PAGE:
It was back in the technology heyday of January 2000 that Washington DC-based Carlyle Group launched its &€730 million ($865 million) Internet Partners Europe fund to capitalise on the entrepreneurial spirit sweeping the Continent. For the first two years of its existence, the fund did exactly that by providing funding for fledgling businesses such as DPT Global, the London-based credit card start up, and Bfinance, the French asset management and banking platform.
But then the downturn struck, and Carlyle decided to reduce the size of its fund from &€730 million to &€650 million (it has since been cut further to &€553 million). Since renamed Carlyle Europe Venture Partners (CEVP), the fund's strategy was steered subtly towards the later-stage end of the spectrum via expansion capital deals until a more conspicuous about-turn last month when it completed the £34 million leveraged acquisition of Kingston Inmedia, the UK satellite specialist. The step-change had been signalled in January 2004, when David Fitzgerald, a former Apax partner responsible for later-stage telecom deals, was hired as co-head of the fund alongside Wolfgang Hanrieder.
At the time Carlyle launched CEVP, it was in good company as a high-profile buyout group prepared to embrace the venture boom. For example, ([A-z]+)-based Doughty Hanson unveiled its $272 million Technology Ventures fund in the same year while Kohlberg Kravis Roberts launched its Accel-KKR joint venture with early-stage specialist Accel Partners, also in 2000.
Equally, Carlyle is not alone in the post-downturn world by introducing more of a buyout flavour to a venture fund. In the US, experienced venture capitalists Terry Garnett and David Helfrich have launched their new $250 million Garnett & Helfrich Capital fund to target “venture buyout” opportunities. This involves taking controlling stakes in spinouts from under-performing and non-core units of established technology companies.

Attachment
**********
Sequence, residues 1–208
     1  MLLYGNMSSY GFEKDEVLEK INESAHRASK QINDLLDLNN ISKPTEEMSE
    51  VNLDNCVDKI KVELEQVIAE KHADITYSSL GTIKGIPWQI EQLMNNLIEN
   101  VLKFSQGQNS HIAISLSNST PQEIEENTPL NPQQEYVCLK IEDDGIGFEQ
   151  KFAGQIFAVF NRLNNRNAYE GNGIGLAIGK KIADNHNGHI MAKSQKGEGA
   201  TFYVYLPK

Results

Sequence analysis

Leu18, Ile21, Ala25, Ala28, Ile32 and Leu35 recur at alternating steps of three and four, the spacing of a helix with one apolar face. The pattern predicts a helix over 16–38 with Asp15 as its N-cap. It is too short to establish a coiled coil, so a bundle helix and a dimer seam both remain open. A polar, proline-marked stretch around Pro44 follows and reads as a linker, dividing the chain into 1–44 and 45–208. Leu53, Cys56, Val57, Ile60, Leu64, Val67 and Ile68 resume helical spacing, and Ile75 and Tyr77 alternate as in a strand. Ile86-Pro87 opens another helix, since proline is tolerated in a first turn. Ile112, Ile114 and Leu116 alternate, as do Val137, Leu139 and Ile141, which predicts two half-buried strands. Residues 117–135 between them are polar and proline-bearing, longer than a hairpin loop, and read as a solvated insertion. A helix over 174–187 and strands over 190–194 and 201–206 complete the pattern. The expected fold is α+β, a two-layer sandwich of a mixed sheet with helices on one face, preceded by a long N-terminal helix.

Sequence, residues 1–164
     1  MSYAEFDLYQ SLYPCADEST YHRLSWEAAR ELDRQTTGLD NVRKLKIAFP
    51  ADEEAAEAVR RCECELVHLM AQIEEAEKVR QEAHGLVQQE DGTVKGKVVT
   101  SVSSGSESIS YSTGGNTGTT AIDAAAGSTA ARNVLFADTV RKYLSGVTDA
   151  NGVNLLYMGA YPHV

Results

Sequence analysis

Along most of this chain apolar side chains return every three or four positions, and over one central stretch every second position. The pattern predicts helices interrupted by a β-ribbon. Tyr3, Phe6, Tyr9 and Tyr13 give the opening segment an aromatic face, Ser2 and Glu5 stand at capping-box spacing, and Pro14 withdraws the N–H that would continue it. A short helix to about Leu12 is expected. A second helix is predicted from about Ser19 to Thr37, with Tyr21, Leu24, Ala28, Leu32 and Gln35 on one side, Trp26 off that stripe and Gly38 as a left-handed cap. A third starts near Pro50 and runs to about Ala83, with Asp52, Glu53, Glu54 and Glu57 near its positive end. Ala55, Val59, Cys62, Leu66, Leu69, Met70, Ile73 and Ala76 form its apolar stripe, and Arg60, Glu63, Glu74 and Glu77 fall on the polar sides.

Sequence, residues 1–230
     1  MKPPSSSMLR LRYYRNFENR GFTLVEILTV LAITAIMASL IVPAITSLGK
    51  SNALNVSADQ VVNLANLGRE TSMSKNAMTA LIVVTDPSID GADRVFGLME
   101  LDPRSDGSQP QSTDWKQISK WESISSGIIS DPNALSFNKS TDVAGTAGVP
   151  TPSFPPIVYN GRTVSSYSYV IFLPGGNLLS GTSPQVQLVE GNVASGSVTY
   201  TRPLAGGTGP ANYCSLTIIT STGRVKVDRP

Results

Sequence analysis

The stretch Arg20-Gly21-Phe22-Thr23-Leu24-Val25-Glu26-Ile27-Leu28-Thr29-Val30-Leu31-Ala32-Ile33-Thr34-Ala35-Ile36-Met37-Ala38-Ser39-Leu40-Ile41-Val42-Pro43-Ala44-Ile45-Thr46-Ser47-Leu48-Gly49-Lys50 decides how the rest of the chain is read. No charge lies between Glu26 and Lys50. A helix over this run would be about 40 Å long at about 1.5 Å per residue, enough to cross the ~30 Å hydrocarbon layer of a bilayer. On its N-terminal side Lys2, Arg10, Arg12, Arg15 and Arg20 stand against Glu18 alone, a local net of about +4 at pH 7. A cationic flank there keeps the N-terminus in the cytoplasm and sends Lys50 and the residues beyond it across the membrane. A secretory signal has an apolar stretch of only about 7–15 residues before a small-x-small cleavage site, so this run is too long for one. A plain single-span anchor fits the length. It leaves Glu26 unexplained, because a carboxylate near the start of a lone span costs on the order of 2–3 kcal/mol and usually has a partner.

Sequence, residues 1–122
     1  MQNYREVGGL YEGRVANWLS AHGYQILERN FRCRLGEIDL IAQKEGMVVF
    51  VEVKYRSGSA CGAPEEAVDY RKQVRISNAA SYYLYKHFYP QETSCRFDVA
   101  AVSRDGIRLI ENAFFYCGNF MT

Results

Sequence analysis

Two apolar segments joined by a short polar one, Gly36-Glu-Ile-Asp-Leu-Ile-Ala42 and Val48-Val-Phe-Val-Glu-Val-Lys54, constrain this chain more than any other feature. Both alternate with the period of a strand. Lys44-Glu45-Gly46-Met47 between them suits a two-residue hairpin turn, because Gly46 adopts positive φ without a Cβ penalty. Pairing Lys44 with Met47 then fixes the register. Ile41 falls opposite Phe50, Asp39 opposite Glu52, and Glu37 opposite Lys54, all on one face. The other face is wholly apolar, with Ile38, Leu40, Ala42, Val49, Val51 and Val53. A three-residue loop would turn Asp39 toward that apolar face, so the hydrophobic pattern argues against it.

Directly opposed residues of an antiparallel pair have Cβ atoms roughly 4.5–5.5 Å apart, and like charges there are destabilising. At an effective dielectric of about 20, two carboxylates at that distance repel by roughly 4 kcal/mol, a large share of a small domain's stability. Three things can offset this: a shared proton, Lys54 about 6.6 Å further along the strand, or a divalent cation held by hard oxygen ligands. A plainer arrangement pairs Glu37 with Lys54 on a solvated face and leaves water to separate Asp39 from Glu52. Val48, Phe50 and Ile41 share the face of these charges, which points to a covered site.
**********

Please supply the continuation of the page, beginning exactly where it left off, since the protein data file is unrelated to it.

Meanwhile Prospect Street Ventures, the New York-based venture firm, has filed with the Securities and Exchange Commission (SEC) to launch a business development company “that will primarily lend to and invest in middle market private companies in the energy-related industry”. Such investments will include “secured and unsecured senior and subordinated loans”.
But will this apparent shift from venture into buyouts and even quasi-debt products be regretted as much as the original enthusiasm for such deals? Neil Foster, a partner at international law firm Morrison & Foerster, says startups and fledgling firms are now jumping into bed with corporate partners rather than waiting for VC funding. He claims to be advising on an increasing number of venture capital-style investments by US corporates in young European businesses, such as satellite firm EchoStar Communications' recent strategic investment in Reality TV, a London-based reality programming specialist.
Says Foster: “US venture capitalists piled into Europe during the late 90s and then many disappeared when the downturn kicked in. The general view seems to be that all US strategic investors disappeared too. However, that's simply not the case. Many of them never stopped seeking out opportunities in Europe, and now feel many of the assets are under-valued.” If this is true, how long before we see one or two buyout investors-turned-venture investors-turned-buyout investors once more reviewing the attractiveness of venture investments?